FIRE devotees make small withdrawals from their savings to cover their living expenses after retiring at a young age, typically around 3% to 4% yearly. FIRE supporters seek to avoid excessive consumption and live a simpler lifestyle both during and after retirement.
How to Determine Your FIRE Number
As soon as I realized that retirement could occur at any age, I set out to calculate our personal FIRE number: the total amount of assets we would need to accumulate in order to live off passive investment income. I came across the Trinity Study, the source of the well-known 4 percent rule, and this simple formula for calculating your FIRE number while researching the best way to calculate this number: Annual Expenses multiplied by 25 = FIRE number
So, if your monthly living expenses are $4,000, your annual expenses are $48,000, and your FIRE number is $48,000 multiplied by 25, or $1.2 million.
However, after further investigation, I felt more at ease with a different withdrawal rate and chose to calculate my FIRE number using the following formula:
Expenses per year x 0.03 = FIRE number
In this case, $4,000 in monthly expenses equals $48,000 divided by.03, or $1.6 million in FIRE. (If you need help keeping track of your expenses, use this Google spreadsheet.) It can assist you in calculating your monthly and annual spending.)
This second formula is based on a more recent Trinity University study. Professors studied sustainable withdrawal rates based on various stock and bond allocations for different retirement horizons using historical market data. The researchers discovered that someone with at least 50% of their investments in stocks could safely withdraw 3% of their investments for 40 years without depleting their investments, which is why we divide by 0.03.
I calculated our expected annual expenses at retirement by listing our current monthly expenses once I had a FIRE number formula. I examined how much my family was currently spending on household expenses, meals, personal care, healthcare, transportation, and community service.
This included the following:
Mortgage/rent, utilities, cable, internet, general maintenance, household supplies, property tax and insurance, credit card payments are all examples of household expenses.
Meals include groceries, beverages, and dining out.
Clothing, products, hobbies, subscriptions, childcare, and pet care are all examples of personal care.
Health insurance, out-of-pocket payments, dental, glasses/contact lenses, and life insurance are all examples of healthcare expenses.
Transportation costs include auto insurance, maintenance, gas, and registration.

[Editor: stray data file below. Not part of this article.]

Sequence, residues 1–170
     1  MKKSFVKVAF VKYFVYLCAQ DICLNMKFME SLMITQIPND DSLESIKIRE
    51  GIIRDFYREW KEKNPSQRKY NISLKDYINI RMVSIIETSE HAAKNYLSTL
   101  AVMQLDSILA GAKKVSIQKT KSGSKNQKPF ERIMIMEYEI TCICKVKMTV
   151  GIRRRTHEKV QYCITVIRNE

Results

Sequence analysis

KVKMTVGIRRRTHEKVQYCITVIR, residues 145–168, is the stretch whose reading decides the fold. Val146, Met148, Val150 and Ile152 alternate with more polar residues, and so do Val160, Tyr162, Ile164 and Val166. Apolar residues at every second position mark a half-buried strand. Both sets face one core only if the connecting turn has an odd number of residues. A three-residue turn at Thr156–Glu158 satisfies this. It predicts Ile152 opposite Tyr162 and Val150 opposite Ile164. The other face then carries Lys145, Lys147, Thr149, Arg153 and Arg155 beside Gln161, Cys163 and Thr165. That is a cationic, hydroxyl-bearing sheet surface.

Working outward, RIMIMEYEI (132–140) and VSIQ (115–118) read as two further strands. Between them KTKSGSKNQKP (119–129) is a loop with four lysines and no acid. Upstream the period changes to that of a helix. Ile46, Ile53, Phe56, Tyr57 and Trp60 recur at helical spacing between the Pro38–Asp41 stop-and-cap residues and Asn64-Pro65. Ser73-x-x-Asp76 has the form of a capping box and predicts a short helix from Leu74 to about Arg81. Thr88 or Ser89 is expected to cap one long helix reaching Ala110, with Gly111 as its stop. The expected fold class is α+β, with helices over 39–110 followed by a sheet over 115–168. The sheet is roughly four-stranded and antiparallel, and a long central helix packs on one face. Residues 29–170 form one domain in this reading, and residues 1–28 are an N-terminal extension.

Gifts, charitable donations, remittances, and other forms of community service
I multiplied our monthly expenses by 12 to calculate our annual expenses.
I decided to calculate a FIRE number range to help me feel less overwhelmed by such a large number. On the low end, if my husband and I relocate to a less expensive area with annual expenses of $60k, our FIRE figure is $1.5 million. On the high end, if my husband and I continue to live in a high-cost area with $120,000 in annual expenses, our FIRE figure is $3 million.
This money is being invested for early retirement in both tax-advantaged accounts and taxable brokerage accounts. We contribute the maximum amount to our 401(k) and Individual Retirement Accounts in order to reduce our current tax liability. However, because we will need access to our money before the age of 59 12 and want to avoid paying early withdrawal penalties, we are also investing in low-cost index funds through a taxable brokerage account.
What Are Some Examples of FIRE Variations?
There are several variations within the FIRE movement. Fat FIRE is a more relaxed approach to saving more while giving up less. Lean FIRE necessitates a commitment to minimalist living. Barista FIRE is for those who want to leave the 9-to-5 grind and are willing to reduce their spending while only working part-time to do so. Naturally, more traditional financial advisors have jumped in with their own take on a FIRE retirement goal and how to achieve it. One strategy calls for a FIRE investor’s portfolio to include both domestic and international stocks and bonds, potentially
You can retire at any age as long as you have the necessary income. Calculate your FIRE number and devise a strategy for generating various passive income streams that can subsidise a work-free lifestyle. If you’re feeling overwhelmed, consider making a FIRE number range. Make certain that your goal reflects your values and lifestyle preferences. Finally, even if you do not retire at a young age, calculating your FIRE number is an excellent way to begin planning for retirement.
Q. What is the FIRE movement?
The acronym F.I.R.E. stands for ‘Financial Independence, Retire Early.’ The movement’s goal is to invest aggressively when you’re young in order to retire in your 30s or 40s (before the traditional retirement age).
Q. How does the FIRE movement function?
Ans. F.I.R.E. (Financial Independence, Retire Early) is a movement that focuses on investing aggressively in your twenties, thirties, and forties (50-75 percent of your income) to retire early (in your 40s or 50s).
There are four common types of F.I.R.E. movements, each with a different level of investment and end goal: